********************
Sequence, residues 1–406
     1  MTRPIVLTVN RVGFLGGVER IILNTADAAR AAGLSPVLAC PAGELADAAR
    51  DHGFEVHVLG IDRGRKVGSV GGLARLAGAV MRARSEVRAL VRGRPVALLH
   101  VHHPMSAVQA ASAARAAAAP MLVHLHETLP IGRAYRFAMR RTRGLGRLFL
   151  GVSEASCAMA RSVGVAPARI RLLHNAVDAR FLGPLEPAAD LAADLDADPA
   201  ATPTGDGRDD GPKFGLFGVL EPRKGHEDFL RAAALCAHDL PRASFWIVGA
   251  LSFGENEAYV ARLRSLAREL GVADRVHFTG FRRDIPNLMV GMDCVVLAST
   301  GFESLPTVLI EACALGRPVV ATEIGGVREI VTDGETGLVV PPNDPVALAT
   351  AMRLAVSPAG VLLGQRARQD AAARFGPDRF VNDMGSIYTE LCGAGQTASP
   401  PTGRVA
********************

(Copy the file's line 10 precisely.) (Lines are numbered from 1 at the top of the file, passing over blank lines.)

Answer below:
   401  PTGRVA